‘I live in Tottenham and a lot of people don’t really know who I am around here. I don’t think they care, people are just going about their normal lives. I try not to leave Tottenham – it’s my happy place. But I am getting a lot of dick pics, which I don’t condone. Don’t send me that? Why are people sending me that?! That’s the strangest thing that’s happened to me.’

Are people accompanying their dick pics with a message or…?
‘Sometimes it’s “Hey, how are you?” then a dick pic [laughs]. Me and Aimee Lou Wood, who plays Aimee in the show, were talking about the rise of that happening with all of us. All of us have had a plethora of dick pics on Instagram. It’s bizarre.’

‘We got through about 300 bananas that day’

You wear loads of amazing outfits in the show. Did you have a favourite?
‘The prom look was such a fun outfit. The costume was so beautiful. I had two suits made for me with kente cloth, which is a traditional Ghanaian fabric. The suits got made and tailored for me in Ghana and they just fit perfectly. It took me so long to decide which one to wear. I was really excited for that scene. It was nice to be on the set of a big Netflix show in traditional African clothing and just stand there, unashamedly African. That was a real moment for me.’

Did you get to keep the suits?
‘They actually offered it to me, but I was too stupid and I forgot to buy one. But I’m going to try and retrieve them. I need to get those back.’

Were there any funny moments on set?
‘Asa Butterfield is a big prankster. In the first couple of weeks we were filming the party scene and when we would wrap we’d walk back to base and it was pitch black as we’re out in the countryside, so Asa would hide out in the bushes and jump out at people. The screams would echo across the fields of sheep! But my funniest moment was the banana scene. We got through about 300 bananas that day and it got to a point where it was just normal, the fact that we were all there sucking off these bananas. No one was batting an eyelid. That’s the thing about “Sex Education”, the shooting situations are so bizarre that nothing is a surprise any more. It’s just another day at the office.’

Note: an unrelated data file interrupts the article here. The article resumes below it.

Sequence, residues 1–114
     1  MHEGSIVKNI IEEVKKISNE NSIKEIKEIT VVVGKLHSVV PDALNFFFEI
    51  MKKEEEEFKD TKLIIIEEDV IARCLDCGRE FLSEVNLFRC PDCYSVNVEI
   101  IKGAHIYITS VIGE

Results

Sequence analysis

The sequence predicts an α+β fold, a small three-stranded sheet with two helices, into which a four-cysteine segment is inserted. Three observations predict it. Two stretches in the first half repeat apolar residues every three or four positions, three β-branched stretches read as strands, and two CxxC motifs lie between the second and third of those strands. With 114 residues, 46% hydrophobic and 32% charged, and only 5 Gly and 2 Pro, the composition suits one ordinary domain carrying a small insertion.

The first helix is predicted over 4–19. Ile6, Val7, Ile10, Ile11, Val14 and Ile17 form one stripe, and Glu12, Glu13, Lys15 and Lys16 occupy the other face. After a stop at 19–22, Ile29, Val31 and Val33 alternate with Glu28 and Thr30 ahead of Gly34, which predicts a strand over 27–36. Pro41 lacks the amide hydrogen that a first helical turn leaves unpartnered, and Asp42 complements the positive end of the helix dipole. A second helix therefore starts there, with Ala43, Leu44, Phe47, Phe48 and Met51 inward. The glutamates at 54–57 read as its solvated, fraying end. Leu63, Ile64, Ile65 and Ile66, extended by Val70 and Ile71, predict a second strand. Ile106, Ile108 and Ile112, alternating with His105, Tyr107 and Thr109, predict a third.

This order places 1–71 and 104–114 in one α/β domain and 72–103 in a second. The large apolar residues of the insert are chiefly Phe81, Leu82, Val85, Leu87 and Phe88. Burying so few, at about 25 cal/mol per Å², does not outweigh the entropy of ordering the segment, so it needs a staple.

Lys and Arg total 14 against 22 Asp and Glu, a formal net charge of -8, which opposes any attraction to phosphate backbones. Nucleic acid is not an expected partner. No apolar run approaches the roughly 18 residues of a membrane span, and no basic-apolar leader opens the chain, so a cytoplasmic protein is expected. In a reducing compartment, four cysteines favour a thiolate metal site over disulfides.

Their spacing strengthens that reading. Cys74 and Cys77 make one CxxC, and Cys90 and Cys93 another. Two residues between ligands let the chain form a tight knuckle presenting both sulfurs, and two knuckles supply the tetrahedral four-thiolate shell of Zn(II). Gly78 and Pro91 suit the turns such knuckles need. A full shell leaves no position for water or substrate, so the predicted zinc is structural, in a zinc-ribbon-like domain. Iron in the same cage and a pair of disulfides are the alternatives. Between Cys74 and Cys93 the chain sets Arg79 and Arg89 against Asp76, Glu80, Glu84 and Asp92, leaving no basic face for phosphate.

Were you nervous about doing that scene?
‘Yes and no. I wasn’t nervous about the intimate scenes because we were so well taken care of by the production. But I was definitely thinking: What is my mum going to think about this scene? And my dad is a minister so there were many scenes where I was like: When this comes out… God help me. As you can imagine, there were a good few scenes where I was thinking: I could do with my mum not seeing this.’

Have your parents watched it?
‘Yeah, they watched it all meticulously. They’re very supportive.’

Did they just gloss over the sexy scenes?
‘Yeah, it was very much, good job, well done, and that’s it. There was no in-depth conversation about anything because how do you have a conversation about fellating a banana to your dad who’s a minister?’

Can you ever eat a banana again?
‘Um… I haven’t since then. Maybe I will one day. I literally got my fill of potassium for a lifetime on that one day.’

‘There were a good few scenes where I was like: I could do with my mum not seeing this’

Were there any embarrassing moments on set?
‘I honestly can’t think of any. I’d come in and see Asa and Emma [Mackey, who plays Maeve] and it would be: “What are you doing today?” “Oh, I’m sucking off a banana.” “Oh great, I’m having sex in the back of a car.” This stuff was so normal. Everyone just got on with it.’

So you guys are all friends? Do you have a WhatsApp group?
‘Yeah, we’ve got a WhatsApp group, we message each other every day. Everyone bigs each other up, like Emma was in Vogue the other day, so we’ll send that to the group chat. Everyone’s very supportive and protective of each other.’

Do you guys have any nicknames for each other?
‘Yeah, everyone’s got a nickname. I’m “Shoots MacGoots” because I’m Scottish so you’ve got to get the “mac” in there. Another one of my nicknames is “Uncle Ramsey” – don’t ask me why.’

Um, why?